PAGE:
How would you handle him?

How would you handle him?

By Rajesh Setty on Wed 08 Nov 2006, 9:36 PM – 2 Comments

Here is a scenario to consider:

Imagine you are living with a person who is constantly talking carp. Either he is whining or he is complaining. He is constantly blaming someone for something. When he can’t blame someone he will pick the climate, economy, government, religion or something like that. From his constant bickering, he will make you feel miserable. Not only that, he will repeat the same nonsense endlessly for a number of weeks or months or even years. He will remember stupid things that happened decades ago and remind you of the same. Every now and then he will make you feel bad about yourself or your situation.

How would you handle such a person? Let me ask you a more specific question – “If you have no choice but to live with this person throughout your life, how would you handle him?”

I know. I know. You are all smart and by now you would have figured out what I am talking about.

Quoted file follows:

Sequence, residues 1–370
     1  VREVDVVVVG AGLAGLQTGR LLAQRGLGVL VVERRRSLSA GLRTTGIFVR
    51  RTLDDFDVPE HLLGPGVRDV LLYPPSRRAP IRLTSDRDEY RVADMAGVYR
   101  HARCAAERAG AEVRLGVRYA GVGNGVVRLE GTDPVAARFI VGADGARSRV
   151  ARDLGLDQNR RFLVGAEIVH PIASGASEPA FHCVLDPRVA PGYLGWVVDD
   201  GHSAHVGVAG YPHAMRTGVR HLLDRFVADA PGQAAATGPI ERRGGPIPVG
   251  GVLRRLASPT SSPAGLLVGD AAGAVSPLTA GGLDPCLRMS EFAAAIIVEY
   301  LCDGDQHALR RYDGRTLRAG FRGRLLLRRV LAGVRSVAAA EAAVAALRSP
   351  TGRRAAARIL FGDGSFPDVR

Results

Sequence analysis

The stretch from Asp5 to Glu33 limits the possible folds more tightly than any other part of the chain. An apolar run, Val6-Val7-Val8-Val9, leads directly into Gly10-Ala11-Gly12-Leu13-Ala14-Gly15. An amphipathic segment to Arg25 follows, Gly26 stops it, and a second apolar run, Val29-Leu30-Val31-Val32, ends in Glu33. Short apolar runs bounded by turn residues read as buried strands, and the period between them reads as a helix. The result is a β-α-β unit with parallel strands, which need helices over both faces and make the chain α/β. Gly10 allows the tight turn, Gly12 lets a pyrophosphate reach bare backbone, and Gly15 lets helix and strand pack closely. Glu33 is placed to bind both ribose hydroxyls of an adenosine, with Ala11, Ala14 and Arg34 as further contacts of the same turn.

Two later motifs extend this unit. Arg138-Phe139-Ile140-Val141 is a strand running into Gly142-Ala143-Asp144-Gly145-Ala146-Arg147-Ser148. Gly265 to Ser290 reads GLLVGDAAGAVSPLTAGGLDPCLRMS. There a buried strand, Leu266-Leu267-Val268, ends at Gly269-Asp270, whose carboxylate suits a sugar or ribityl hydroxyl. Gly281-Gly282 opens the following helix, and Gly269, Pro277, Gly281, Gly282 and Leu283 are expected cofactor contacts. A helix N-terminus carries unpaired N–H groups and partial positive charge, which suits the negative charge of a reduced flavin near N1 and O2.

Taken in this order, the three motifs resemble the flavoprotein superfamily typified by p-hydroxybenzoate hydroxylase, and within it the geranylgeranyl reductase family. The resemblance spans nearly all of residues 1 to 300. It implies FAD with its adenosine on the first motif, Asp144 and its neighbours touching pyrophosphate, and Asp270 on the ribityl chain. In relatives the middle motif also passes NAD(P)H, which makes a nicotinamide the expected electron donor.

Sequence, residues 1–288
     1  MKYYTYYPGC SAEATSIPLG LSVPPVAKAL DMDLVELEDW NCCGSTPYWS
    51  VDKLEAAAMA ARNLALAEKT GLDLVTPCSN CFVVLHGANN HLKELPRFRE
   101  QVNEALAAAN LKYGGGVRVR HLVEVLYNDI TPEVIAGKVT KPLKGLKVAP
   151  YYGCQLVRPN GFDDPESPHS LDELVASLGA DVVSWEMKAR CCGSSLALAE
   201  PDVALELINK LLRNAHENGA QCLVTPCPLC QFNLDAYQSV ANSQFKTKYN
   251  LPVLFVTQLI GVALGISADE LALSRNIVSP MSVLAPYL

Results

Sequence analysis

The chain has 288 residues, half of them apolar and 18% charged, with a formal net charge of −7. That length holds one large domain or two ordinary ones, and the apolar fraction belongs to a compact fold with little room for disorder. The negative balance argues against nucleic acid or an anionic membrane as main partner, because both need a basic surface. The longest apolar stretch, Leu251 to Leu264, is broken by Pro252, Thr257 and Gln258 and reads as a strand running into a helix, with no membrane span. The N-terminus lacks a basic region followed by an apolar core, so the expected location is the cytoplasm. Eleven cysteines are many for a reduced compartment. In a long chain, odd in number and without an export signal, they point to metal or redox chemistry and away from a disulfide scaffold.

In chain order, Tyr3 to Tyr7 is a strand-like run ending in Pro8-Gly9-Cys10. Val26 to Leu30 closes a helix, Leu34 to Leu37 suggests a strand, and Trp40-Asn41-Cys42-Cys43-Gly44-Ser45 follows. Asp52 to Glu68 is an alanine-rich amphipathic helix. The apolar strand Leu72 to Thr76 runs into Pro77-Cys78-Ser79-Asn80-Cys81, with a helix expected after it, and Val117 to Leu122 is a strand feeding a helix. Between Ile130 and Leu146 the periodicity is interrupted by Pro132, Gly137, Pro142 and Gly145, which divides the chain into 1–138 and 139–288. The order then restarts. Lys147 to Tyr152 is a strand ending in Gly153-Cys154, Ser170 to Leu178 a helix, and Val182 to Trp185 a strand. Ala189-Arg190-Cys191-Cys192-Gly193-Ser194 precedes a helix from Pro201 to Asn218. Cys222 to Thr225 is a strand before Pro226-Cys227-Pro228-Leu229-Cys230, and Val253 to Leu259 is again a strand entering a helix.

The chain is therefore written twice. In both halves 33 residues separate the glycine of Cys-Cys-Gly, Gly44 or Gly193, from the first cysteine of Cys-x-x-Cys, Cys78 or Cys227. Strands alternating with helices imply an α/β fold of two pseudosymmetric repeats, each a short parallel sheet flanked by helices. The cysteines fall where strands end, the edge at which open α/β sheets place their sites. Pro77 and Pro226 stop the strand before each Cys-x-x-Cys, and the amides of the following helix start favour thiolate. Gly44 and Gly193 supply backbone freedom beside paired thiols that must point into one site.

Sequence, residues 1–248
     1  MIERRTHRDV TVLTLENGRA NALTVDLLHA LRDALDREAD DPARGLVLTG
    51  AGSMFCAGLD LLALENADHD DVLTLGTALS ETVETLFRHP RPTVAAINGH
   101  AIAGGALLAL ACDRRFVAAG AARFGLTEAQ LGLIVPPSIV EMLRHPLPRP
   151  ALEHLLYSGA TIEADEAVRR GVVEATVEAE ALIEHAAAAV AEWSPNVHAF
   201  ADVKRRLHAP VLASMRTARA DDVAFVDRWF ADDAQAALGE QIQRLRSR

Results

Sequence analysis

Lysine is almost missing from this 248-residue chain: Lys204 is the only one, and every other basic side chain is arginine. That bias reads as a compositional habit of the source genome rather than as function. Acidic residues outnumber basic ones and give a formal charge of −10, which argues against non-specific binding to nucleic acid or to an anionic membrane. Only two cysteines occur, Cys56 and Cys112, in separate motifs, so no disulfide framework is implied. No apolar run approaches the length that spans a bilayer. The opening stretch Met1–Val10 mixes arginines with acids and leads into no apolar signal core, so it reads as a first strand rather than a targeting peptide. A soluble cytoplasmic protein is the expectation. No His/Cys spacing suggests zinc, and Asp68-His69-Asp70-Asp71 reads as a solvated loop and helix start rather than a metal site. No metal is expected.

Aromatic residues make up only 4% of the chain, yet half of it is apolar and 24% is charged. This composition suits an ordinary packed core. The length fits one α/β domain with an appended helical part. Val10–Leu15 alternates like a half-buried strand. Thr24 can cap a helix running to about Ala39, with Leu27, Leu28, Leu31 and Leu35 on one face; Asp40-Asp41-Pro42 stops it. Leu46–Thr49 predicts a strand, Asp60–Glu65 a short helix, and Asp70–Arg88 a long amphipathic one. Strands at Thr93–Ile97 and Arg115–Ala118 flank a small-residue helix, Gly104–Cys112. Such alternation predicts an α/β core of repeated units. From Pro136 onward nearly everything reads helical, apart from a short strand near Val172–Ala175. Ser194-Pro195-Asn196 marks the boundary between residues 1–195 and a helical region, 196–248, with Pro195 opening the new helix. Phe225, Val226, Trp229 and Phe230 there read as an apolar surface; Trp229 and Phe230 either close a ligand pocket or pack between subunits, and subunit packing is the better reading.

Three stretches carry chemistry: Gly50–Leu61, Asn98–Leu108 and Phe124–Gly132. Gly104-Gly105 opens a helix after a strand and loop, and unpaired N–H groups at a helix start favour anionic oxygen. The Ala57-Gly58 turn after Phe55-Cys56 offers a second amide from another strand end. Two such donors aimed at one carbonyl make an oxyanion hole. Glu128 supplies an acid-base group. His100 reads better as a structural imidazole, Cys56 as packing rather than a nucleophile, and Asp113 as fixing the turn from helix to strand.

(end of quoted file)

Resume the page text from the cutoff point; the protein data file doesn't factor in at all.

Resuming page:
To be clear – I am talking about a global illness called “negative self-talk.” Engaging in “negative self-talk” is costly and the returns are abyssmal. The only thing that provides you is a license to postpone positive action or any action for that matter. You can now keep drifting away in your life quoting that you are just not in a mood to do anything of significance.

So, how do you solve the problem? It may be simpler than you think. Once you have identified this problem, you should be VERY glad that you are in full control of the problem. You have to be – you are the talker and you are the listener. Don’t you think it’s cool? You have a choose either of the solutions below:

(a) you can stop talking crap


(b) you can stop listening to crap

Pick either of the above and you will be cured. You are very important in your life to be bombarded with crap.

All the best!


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2 Comments so far, Add Yours

Anonymous  on November 10th, 2006

An interesting thought, but if it was as easy as “just stop doing it”, we’d all do it.

Current neurological research shows that we actually get neurologically locked into a pattern – “stopping” a pattern isn’t that simple. It’s important to identify a replacement behavior that gives you the same secondary gain.

Kegan and Lahey did some interesting writing on this – they called it “Transforming Complaining into Commitment”, and provide an incredible reframe for the behavior that can allow you to find secondary gains.

Anonymous  on November 10th, 2006

Great point there Mike.

If you can point to any references to the work of Kegan and Lahey, that would help the readers.

Thanks in advance.



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